M47 is East of Orion – and we note that brilliant Sirius in Canis Major is about halfway in between Orion and the cluster.
Sirius is so easy to find that it seems like a good place to start our star-hop; let’s explore that.
We have a plan. We can start at Sirius then go through 3 steps with the finder – in each case having an easy to identify star that we will move to a specific location in the finder field.
Note that I sketched the location of Orion onto the edge of the chart too, to help me remember how these stars are oriented with respect to the sky.
Write such notes in blue pen on white paper for maximum visibility when you are reading them by a dim red flashlight in the dark. (Don’t write in red pen! It will be invisible in red light.)
Using the Plan
Now let’s go to the telescope and walk through this plan at the eyepiece.
The first thing to note is that, by the time the telescope is rotated around to the correct part of the sky and the finder is mounted wherever it may be on the telescope, it is unlikely that the 12:00, 3:00, 6:00, etc., positions on our plan will correspond to those positions in the actual finder. So we’ll have to do a quick calibration manoeuvre as we get started.
(This is another reason Telrad finders are so popular – you are looking at the real sky, not through mirrors or lenses, so there is no confusing change of orientation.)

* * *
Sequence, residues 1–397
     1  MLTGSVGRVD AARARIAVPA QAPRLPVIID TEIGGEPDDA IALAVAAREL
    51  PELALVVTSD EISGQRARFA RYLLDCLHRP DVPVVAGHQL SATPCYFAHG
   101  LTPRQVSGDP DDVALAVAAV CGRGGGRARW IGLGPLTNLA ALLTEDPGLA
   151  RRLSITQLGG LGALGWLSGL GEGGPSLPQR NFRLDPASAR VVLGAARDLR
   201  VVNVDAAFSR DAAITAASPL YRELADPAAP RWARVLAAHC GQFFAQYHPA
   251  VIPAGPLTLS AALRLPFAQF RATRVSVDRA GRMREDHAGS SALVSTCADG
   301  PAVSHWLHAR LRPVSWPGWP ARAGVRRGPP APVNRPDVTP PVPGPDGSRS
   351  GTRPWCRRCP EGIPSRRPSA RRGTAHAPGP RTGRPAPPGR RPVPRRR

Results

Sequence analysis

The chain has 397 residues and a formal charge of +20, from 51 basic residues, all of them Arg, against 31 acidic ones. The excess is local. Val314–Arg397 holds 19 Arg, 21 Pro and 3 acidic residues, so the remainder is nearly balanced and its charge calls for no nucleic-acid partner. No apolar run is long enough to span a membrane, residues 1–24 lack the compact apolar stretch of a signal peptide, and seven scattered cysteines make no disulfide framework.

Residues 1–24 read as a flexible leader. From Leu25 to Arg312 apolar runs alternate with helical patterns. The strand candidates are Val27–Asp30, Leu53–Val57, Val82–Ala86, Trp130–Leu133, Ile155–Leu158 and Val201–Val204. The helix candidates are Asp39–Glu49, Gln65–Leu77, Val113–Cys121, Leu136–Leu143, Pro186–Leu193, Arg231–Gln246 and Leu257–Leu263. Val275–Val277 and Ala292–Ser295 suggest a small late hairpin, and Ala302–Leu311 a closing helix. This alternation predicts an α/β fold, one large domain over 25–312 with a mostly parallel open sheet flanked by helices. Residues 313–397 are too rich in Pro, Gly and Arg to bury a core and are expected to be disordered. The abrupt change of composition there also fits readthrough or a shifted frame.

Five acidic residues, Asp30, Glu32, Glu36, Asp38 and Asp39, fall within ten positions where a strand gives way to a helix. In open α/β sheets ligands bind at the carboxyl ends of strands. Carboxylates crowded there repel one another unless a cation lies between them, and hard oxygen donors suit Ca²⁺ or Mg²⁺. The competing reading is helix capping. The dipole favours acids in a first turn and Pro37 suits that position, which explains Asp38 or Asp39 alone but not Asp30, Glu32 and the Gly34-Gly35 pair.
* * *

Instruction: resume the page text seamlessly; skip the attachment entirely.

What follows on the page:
We get the telescope close to Sirius, then scroll Sirius into the field of view of the finder, being careful to approach it from the direction of Orion (i.e. moving almost directly East to scroll it into view.) This is how they were oriented on our star chart – Orion was to the right of Sirius. The edge where Sirius first appears corresponds to the “3:00” position on our charts. Mentally make that adjustment for all of the remaining steps. For the images below we’ll continue to show the “3:00” position in that spot, for simplicity.So, for step 1, we put Sirius just inside the edge of our finder, at the 3:00 position. At the other side of the field, note the star Muliphein.